New Horizons practices weekly at Bell Trace Senior Living Community. Courtesy photo


Whether you’re 8 or 80 years old, there are two new ways for you to make music in Bloomington.

Bridges Musical Arts Youth Organization offers kids the chance to play in orchestral and chamber music ensembles, while New Horizons Bloomington offers adult beginners the same opportunity.

“We want to be a bridge connecting students from public, private, charter, and home schools, as well as from Bloomington and surrounding communities,” says Sarah Strickland, Bridges’ orchestral coordinator and conductor.

This fall, the first group of 16 kids worked on pieces by a contemporary blind composer from Colombia and a 19th-century formerly enslaved person, among others. “That’s another of our aims,” she says. “We want to offer diversity, rather than relying exclusively on the traditional repertoire by long-dead, white, male composers.”

Strickland, who taught her first student at age 14, offers private and group piano, violin, and viola lessons through her Strickland Suzuki Strings studio. “Bridges just makes my heart so happy,” she says. She and Bridges Program Director Maggie Olivo are working closely with accomplished adult volunteer musical coaches, who often play side by side with the young orchestra members to help them learn their parts.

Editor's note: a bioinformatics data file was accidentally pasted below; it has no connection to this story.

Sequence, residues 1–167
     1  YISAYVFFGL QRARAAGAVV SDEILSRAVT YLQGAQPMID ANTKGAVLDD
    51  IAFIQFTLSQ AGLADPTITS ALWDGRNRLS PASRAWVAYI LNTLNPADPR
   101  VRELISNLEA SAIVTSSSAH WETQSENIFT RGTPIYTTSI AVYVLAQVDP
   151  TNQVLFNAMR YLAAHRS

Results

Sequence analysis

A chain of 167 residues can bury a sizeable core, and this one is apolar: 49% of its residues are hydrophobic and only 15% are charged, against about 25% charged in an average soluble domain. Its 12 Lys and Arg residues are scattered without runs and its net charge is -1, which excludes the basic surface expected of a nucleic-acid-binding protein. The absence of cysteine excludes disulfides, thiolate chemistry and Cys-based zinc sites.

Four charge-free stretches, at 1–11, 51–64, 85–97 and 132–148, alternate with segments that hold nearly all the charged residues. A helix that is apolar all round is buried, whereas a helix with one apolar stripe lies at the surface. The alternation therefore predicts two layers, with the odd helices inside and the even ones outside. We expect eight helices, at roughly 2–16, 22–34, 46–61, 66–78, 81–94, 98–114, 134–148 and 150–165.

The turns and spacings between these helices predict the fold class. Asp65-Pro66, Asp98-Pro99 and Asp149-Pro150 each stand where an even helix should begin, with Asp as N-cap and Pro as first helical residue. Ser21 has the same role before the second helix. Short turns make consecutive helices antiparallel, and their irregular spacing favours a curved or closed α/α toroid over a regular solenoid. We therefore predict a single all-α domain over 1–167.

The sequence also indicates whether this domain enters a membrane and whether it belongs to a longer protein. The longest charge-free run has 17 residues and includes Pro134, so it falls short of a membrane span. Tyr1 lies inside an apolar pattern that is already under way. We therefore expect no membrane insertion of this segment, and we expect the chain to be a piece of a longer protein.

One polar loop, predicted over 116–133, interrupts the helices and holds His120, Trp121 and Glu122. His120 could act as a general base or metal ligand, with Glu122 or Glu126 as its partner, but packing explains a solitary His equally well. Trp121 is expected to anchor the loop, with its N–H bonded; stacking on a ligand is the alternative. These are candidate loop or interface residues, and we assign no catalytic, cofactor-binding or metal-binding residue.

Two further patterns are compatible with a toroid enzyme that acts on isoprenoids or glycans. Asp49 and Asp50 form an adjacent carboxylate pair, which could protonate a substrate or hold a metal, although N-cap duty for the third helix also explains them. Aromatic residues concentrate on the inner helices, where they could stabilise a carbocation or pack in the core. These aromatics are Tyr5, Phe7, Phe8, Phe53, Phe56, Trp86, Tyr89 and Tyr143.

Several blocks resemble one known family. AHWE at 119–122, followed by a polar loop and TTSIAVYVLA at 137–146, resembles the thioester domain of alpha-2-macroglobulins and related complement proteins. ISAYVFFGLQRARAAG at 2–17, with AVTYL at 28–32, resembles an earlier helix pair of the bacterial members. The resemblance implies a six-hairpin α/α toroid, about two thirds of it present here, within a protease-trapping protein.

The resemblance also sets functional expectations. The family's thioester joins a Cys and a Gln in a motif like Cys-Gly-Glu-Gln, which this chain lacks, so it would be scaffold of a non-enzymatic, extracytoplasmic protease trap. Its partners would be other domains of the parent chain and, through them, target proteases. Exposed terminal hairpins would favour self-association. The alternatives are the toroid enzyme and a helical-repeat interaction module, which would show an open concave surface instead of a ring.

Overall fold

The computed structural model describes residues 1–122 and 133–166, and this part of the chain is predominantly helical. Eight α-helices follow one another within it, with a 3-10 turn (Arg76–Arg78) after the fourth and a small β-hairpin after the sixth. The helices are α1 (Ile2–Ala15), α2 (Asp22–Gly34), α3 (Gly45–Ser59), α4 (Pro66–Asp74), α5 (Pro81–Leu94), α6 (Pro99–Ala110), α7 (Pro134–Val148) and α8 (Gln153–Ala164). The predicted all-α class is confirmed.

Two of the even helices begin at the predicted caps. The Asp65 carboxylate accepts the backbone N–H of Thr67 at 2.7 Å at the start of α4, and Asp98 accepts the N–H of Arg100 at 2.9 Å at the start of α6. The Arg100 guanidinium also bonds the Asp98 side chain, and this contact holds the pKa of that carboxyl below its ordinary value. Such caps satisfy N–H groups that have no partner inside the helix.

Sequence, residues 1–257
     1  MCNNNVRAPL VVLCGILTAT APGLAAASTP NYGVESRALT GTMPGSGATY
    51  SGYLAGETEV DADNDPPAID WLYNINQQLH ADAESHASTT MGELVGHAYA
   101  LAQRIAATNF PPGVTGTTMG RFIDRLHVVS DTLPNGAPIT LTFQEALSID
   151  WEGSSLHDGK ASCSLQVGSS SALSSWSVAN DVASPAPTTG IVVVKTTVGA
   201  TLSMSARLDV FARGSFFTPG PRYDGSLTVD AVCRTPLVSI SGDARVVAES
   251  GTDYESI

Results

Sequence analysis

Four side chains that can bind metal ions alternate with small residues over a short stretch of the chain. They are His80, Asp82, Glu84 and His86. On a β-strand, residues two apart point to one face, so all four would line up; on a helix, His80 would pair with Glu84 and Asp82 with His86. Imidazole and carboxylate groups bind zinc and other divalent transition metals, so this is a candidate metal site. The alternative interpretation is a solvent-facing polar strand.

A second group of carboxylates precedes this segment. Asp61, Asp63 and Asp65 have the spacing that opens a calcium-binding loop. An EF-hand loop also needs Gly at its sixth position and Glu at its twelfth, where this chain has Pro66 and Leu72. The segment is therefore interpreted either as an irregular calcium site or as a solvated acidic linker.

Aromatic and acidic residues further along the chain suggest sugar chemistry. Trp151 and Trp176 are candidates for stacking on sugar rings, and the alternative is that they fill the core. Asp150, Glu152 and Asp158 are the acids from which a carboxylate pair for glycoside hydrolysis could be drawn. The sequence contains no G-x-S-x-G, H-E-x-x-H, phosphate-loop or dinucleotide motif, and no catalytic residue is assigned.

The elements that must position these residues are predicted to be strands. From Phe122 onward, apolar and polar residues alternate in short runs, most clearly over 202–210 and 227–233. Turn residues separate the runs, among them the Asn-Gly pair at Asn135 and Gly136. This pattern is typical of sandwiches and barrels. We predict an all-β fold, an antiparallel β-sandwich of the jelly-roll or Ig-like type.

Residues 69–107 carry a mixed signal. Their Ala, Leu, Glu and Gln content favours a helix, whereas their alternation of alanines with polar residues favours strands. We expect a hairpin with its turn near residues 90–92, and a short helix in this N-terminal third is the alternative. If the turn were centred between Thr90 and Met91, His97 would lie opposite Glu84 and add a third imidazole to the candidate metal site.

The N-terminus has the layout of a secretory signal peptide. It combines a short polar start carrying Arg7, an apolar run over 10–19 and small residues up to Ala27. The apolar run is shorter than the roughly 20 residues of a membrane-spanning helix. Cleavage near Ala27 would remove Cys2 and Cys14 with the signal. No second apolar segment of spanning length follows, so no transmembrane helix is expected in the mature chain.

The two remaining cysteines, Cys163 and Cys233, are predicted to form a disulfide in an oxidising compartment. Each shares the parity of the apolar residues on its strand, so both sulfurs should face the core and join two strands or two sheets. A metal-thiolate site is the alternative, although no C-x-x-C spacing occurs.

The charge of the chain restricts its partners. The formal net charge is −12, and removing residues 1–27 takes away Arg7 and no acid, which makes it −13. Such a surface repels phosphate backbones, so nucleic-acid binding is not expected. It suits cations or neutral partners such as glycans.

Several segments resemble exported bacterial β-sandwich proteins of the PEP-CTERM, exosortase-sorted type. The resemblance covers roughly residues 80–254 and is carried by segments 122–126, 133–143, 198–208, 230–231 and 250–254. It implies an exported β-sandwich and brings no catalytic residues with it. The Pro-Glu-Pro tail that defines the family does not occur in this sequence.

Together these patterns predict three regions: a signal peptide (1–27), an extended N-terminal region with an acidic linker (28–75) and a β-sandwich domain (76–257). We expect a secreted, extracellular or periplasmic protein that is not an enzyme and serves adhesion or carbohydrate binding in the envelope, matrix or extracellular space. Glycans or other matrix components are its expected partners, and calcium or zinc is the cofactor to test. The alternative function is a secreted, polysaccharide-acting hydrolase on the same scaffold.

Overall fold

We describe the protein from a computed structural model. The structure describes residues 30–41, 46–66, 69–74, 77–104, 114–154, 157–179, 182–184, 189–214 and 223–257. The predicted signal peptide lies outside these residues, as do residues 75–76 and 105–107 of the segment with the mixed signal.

Strickland is also collaborating on the New Horizons adult orchestra with Andrea Kleesattel, a former member of orchestras in Lexington, Kentucky; Madison, Wisconsin; and Japan. Since September, the orchestra has been meeting weekly in a large space at Bell Trace Senior Living Community. The 21 students range in age from their 30s to their 70s, and while some have musical experience, many are brand new to their instruments. No Bell Trace residents have joined yet, but Kleesattel hopes that will change. “We’d really like to make the program accessible to older adults,” she says.

Students were allowed to pick their instrument (violin, viola, cello, or bass) and, providentially, the result yielded a balanced ensemble. “Everyone is moving along so well,” Kleesattel says. “It’s been really wonderful for me as a teacher to see. The students are quite motivated.”

While the more experienced players were able to start rehearsing pieces right away, the beginners have been quickly able to play alongside them. As Kleesattel points out, “Bass lines have only three notes and beginners can play rounds.”

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